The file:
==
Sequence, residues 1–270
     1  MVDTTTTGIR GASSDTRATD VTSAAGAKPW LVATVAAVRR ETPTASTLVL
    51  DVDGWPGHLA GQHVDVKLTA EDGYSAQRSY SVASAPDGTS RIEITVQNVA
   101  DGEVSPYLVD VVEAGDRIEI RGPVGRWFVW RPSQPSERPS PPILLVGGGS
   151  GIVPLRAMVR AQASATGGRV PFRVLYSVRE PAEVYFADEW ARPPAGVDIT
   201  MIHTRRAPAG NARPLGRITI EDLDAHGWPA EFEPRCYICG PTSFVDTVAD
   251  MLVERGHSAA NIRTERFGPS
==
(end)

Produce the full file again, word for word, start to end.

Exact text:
Sequence, residues 1–270
     1  MVDTTTTGIR GASSDTRATD VTSAAGAKPW LVATVAAVRR ETPTASTLVL
    51  DVDGWPGHLA GQHVDVKLTA EDGYSAQRSY SVASAPDGTS RIEITVQNVA
   101  DGEVSPYLVD VVEAGDRIEI RGPVGRWFVW RPSQPSERPS PPILLVGGGS
   151  GIVPLRAMVR AQASATGGRV PFRVLYSVRE PAEVYFADEW ARPPAGVDIT
   201  MIHTRRAPAG NARPLGRITI EDLDAHGWPA EFEPRCYICG PTSFVDTVAD
   251  MLVERGHSAA NIRTERFGPS